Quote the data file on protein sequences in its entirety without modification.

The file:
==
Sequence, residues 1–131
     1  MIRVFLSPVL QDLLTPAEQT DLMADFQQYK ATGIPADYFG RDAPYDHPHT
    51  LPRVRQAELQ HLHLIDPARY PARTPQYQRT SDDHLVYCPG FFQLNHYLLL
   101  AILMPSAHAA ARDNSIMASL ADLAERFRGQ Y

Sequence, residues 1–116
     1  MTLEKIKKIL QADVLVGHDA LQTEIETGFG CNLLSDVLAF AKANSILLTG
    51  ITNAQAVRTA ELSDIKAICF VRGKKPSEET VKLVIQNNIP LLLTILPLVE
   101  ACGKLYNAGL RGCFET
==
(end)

Sequence, residues 1–131
     1  MIRVFLSPVL QDLLTPAEQT DLMADFQQYK ATGIPADYFG RDAPYDHPHT
    51  LPRVRQAELQ HLHLIDPARY PARTPQYQRT SDDHLVYCPG FFQLNHYLLL
   101  AILMPSAHAA ARDNSIMASL ADLAERFRGQ Y

Sequence, residues 1–116
     1  MTLEKIKKIL QADVLVGHDA LQTEIETGFG CNLLSDVLAF AKANSILLTG
    51  ITNAQAVRTA ELSDIKAICF VRGKKPSEET VKLVIQNNIP LLLTILPLVE
   101  ACGKLYNAGL RGCFET